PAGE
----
In the Age of the Great Resignation, You Can’t Retain Employees Unless You Invest in Them
These mass resignations place strain on companies. For example, in the retail sector alone, a May 2021 report from Korn Ferry found 94 percent of employers were struggling to fill vacancies. Many companies are now offering signing bonuses and higher wages for new employees in a desperate attempt to find capable workers.
Amid the storm of resignations, it can be all too easy for employers to overlook all the employees who haven’t budged. But HR and leadership teams must identify and support those individuals remaining steadfast in their roles. It’s more efficient and cheaper to retain quality employees than to hire and train new ones who might only stay for a short period. If companies take the right steps, they might slow down or even reverse the Turnover Tsunami.
Why Are People Leaving?
Many employers have shifted back to on-premises work in 2021, implementing either fully in-office or hybrid structures. But, after a year and a half working from home, millions of workers have grown used to having flexibility, no commutes, and more time to spend with loved ones.
Remote work afforded many employees a higher quality of life. The only things they see coming from a return to the office are cubicles, more in-person meetings, and a lot of bureaucracy. Rather than go back to work, these employees are quitting their jobs and looking for employers where they’ll be able to maintain the flexibility they’re accustomed to. Some workers, tired of juggling jobs, caregiving, and the pandemic, are bowing out of the workforce altogether.
Opening Pathways to Growth
Employers can mitigate much of the turnover if they talk openly with employees about their needs and then take action to meet those needs. One of the most common needs employees feel isn’t being met? Professional development.
In a study reported by Harvard Business Review, researchers found that people are twice as likely to put in extra effort at work and stay with their employer when they feel their company’s promotion practices are equitable and fair. These companies also saw higher growth, more innovation, and more productivity.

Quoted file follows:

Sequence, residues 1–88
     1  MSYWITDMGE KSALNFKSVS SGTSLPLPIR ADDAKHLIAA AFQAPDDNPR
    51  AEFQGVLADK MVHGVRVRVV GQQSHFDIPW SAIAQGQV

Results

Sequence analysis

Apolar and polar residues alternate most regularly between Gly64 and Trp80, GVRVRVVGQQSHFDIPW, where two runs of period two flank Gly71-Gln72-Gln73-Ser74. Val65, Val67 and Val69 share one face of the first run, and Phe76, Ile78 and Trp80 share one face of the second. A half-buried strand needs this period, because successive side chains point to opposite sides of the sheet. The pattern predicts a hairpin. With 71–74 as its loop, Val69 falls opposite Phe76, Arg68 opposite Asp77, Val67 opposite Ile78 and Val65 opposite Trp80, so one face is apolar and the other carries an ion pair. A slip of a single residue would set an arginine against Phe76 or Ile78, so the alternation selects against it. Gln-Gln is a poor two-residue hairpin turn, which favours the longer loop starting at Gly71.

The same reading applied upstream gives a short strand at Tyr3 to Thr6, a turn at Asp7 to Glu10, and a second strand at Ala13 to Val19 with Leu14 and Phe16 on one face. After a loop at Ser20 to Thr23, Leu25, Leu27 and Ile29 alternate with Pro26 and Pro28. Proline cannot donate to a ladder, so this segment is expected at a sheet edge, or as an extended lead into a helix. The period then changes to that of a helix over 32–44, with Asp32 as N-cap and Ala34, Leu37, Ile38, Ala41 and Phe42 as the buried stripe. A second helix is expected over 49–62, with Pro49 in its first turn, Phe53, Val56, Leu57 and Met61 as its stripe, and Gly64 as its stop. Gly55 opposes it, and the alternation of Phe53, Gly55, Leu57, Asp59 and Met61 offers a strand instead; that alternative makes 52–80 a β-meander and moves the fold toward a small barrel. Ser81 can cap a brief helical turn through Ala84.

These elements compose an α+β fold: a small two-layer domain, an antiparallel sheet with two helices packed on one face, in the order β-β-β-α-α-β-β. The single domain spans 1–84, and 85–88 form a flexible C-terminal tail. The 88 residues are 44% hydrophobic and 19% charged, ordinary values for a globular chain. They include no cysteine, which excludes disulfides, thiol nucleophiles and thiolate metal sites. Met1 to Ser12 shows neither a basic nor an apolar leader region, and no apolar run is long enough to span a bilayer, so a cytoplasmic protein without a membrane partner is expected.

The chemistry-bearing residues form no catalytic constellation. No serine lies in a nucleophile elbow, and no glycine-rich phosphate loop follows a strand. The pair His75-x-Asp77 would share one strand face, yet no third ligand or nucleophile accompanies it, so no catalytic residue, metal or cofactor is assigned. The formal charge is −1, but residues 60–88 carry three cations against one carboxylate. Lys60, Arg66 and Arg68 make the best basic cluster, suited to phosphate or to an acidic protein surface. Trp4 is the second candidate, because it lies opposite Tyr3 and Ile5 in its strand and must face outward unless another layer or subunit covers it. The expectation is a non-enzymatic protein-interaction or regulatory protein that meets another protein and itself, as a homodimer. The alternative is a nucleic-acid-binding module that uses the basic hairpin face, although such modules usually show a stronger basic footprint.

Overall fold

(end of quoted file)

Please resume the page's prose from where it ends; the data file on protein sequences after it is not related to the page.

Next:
When companies actively promote the right people based on merit, it builds a culture of equity and transparency. The company illustrates that it recognizes and rewards potential, and this recognition will convince many employees to stay on board for the long haul.
HR and talent acquisition teams, along with company leaders, should make sure that promotion and professional growth paths are highly visible to both incoming and current staff members. Information about how to attain promotions and the benefits of higher-level positions should be readily available to all employees.
Professional development for employees should start at onboarding. A survey from Glassdoor found direct correlations between onboarding and retention, noting that employees were 18 times more likely to be highly committed to their organizations if they felt their onboarding experiences were “highly effective.” Onboarding should be a streamlined experience that answers employees’ questions while making them feel included and respected, regardless of whether they work in the office or remotely.
Reduce Turnover by Investing in People
For a small software company employing 40 people, it’s probably impossible to directly compete with Oracle or Salesforce on salaries and benefits. While retaining top staff does require paying top workers fair, above-market rates, smaller employers can make up for comparatively lower salaries by build cultures that invest in people.
Building such a culture starts with an honest assessment to determine whether an employer is actively pushing people away through its policies and processes. Today’s employees desire time, personal health, and family interactions over sheer money and power. Employers will need to adopt policies that fit this new dynamic, or else they’ll keep losing top talent to the organizations that are meeting employees where they are.
It’s never too late to start investing in your employees. In fact, asking a departing employee what they hope to do next in their job can even prompt a discussion about creating a new role for them internally. Even if they don’t accept the offer, this creates an opportunity to promote another employee to fill their role.
Whatever happens, once an employee has decided to move on, it’s best to wish them well. This shouldn’t be a contentious ending, but an opportunity for HR to gain some insights into helping employees feel motivated and valued moving forward. After all, employee happiness is the core factor in employee retention and company growth.
Raynie Andrewsen is the head of quality control for KnowledgeCity.
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